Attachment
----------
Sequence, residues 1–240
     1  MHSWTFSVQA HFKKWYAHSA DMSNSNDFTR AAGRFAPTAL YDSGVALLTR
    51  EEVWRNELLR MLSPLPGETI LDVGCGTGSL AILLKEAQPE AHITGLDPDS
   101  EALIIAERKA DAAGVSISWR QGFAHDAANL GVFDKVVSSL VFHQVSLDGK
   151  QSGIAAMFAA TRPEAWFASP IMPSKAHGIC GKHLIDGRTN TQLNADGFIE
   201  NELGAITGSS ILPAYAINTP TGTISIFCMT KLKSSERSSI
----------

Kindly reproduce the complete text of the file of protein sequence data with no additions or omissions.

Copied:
Sequence, residues 1–240
     1  MHSWTFSVQA HFKKWYAHSA DMSNSNDFTR AAGRFAPTAL YDSGVALLTR
    51  EEVWRNELLR MLSPLPGETI LDVGCGTGSL AILLKEAQPE AHITGLDPDS
   101  EALIIAERKA DAAGVSISWR QGFAHDAANL GVFDKVVSSL VFHQVSLDGK
   151  QSGIAAMFAA TRPEAWFASP IMPSKAHGIC GKHLIDGRTN TQLNADGFIE
   201  NELGAITGSS ILPAYAINTP TGTISIFCMT KLKSSERSSI